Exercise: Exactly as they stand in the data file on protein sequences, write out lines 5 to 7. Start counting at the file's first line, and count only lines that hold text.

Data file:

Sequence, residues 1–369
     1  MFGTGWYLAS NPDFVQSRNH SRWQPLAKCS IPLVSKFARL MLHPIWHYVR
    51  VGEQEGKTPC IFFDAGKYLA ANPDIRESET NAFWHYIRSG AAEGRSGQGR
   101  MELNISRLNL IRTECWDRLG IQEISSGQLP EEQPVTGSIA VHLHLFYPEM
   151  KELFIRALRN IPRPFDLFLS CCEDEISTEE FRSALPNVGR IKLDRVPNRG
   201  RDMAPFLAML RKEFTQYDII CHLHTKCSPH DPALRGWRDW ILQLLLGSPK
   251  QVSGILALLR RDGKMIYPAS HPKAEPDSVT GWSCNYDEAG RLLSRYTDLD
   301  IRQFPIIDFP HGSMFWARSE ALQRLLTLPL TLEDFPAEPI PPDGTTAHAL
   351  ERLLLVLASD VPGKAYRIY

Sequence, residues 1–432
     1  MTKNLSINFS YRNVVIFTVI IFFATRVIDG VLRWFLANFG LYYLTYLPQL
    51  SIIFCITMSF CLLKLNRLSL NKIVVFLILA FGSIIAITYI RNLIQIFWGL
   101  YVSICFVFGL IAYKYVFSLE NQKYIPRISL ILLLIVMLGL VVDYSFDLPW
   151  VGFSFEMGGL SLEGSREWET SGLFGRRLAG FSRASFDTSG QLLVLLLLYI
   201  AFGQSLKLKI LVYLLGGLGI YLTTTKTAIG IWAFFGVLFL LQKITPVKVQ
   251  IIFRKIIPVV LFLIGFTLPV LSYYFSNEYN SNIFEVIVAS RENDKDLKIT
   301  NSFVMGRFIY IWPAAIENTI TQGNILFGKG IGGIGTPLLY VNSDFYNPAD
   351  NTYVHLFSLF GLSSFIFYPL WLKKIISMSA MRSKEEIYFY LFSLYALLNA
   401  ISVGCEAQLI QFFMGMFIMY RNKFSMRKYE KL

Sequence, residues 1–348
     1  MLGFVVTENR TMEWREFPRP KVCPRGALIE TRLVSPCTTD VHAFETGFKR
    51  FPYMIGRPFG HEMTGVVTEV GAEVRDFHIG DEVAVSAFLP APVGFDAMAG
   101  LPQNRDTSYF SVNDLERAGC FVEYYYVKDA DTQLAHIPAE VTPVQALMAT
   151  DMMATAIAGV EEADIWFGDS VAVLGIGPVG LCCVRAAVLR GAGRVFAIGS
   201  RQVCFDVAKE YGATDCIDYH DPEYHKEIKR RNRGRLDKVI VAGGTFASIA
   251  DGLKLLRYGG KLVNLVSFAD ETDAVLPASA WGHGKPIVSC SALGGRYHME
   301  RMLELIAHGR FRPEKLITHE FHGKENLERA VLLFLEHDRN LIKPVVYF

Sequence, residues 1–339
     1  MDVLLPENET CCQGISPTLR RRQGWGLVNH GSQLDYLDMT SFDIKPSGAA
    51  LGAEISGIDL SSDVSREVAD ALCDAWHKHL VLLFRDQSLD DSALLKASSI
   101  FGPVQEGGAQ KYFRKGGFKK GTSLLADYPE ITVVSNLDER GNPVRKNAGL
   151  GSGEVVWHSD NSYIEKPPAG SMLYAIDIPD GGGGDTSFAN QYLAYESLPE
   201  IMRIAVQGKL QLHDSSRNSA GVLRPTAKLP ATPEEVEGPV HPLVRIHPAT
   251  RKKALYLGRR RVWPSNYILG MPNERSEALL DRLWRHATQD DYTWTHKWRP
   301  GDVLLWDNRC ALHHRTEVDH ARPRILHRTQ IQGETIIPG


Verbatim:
   151  KELFIRALRN IPRPFDLFLS CCEDEISTEE FRSALPNVGR IKLDRVPNRG
   201  RDMAPFLAML RKEFTQYDII CHLHTKCSPH DPALRGWRDW ILQLLLGSPK
   251  QVSGILALLR RDGKMIYPAS HPKAEPDSVT GWSCNYDEAG RLLSRYTDLD